Synthesis of Zinc Copper Indium Sulfide Quantum Dot Nanoparticles

Procedure modified by Weltha Ondik and George Lisensky, Beloit College, from Chi, T. T. K.; Thuy, U. T. D.; Huyen, T. T. T.; Thuy, N. T. M.; Le, N. T.; Liem, N. Q. "Enhanced Optical Properties of Cu-In-S Quantum Dots with Zn Addition," J. Electron. Mater. 45(5), 2449-2454 (2016) DOI: 10.1007/s11664-016-4368-x; Matthew Booth, "Synthesis and Characterisation of CuInS2 Quantum Dots," Ph.D. Thesis, University of Leeds, School of Physics & Astronomy (2014); Liang Li, Anshu Pandey, Donald J. Werder, Bishnu P. Khanal, Jeffrey M. Pietryga, and Victor I. Klimov, "Efficient Synthesis of Highly Luminescent Copper Indium Sulfide-Based Core/Shell Nanocrystals with Surprisingly Long-Lived Emission," J. Am. Chem. Soc. 133, 1176-1179 (2011) DOI: 10.1021/ja108261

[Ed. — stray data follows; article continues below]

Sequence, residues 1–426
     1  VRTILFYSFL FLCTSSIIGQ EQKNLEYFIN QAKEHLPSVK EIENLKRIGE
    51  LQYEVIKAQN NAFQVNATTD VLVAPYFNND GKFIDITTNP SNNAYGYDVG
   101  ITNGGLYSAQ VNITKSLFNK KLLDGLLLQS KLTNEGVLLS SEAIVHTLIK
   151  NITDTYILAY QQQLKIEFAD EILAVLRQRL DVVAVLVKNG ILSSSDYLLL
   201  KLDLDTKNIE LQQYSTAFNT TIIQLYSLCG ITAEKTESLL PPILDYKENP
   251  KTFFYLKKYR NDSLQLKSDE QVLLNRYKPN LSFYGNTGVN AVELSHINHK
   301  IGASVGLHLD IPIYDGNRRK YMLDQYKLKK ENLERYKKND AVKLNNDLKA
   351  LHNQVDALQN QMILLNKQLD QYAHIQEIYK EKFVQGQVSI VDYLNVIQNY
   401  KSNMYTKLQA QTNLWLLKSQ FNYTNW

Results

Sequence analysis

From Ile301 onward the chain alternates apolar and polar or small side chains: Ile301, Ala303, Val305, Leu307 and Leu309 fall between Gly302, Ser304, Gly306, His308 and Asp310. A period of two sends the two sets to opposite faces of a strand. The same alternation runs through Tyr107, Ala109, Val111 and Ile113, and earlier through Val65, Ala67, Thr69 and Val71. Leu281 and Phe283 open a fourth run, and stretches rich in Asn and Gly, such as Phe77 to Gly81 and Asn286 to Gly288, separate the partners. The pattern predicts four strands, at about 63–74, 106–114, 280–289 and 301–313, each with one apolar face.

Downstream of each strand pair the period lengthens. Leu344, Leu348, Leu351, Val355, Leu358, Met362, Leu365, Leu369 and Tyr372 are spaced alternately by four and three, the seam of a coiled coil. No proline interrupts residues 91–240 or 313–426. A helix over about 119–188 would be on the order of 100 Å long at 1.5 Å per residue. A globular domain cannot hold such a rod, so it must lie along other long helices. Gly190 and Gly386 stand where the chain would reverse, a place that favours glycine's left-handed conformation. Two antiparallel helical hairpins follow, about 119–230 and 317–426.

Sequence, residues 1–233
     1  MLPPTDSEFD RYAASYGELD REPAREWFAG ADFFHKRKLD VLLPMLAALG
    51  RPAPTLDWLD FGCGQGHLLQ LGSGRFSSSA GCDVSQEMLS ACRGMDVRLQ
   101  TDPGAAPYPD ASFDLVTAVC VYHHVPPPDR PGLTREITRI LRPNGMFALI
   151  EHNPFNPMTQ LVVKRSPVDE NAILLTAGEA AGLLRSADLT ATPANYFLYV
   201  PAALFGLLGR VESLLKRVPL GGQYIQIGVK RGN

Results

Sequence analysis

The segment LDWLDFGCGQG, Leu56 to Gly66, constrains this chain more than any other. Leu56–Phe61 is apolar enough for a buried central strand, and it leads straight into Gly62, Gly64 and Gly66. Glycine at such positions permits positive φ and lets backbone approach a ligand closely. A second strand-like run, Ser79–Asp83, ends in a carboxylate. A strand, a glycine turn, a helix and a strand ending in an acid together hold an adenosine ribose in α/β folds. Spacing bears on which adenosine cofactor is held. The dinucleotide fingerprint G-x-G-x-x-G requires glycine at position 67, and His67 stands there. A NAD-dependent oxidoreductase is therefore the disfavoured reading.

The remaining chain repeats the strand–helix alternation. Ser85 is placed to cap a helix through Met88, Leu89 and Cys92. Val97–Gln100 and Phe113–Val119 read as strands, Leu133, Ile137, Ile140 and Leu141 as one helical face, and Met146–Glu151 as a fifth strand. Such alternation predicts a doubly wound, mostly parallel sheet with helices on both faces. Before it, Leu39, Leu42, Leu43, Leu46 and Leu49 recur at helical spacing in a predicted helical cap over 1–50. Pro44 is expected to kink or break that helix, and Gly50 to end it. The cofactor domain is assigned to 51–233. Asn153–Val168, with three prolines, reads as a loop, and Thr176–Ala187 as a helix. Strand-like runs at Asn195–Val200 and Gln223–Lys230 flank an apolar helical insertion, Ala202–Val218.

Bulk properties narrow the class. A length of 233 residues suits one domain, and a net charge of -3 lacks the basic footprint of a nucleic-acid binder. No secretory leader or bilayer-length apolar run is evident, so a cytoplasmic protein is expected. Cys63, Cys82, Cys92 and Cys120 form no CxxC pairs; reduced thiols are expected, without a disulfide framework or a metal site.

The color, visible absorption, and photoluminescence of Zn0.2Cu0.9In0.9S2, which can also be written (ZnS)0.2(CuInS2)0.9, nanoparticles depend on the size of the particle. A high temperature is needed to decompose dodecanethiol to give sulfide. Octadecene is used as a non-coordinating, high-boiling solvent. Oleic acid and steric acid are used as ligands to dissolve the metal salts in the solvent at about 150 °C. Once seed crystals have formed at a high temperature (above 230 °C), a lower temperature (200 °C) is used for crystal growth to obtain uniform particles. Samples are withdrawn from the hot solution and quenched at room temperature to produce a series of increasing particle sizes.


Wear eye protection

Chemical gloves recommended

Fumehood recommended

Weigh out 0.0267 g CuI (0.14 mol), 0.0409 g In(CH3COO)3 (0.14 mol), and 0.0759 g Zn(CH3(CH2)16COO)2 (0.12 mol). Avoid plastic containers to reduce static problems. This step may have been done for you with all three solids combined in one container.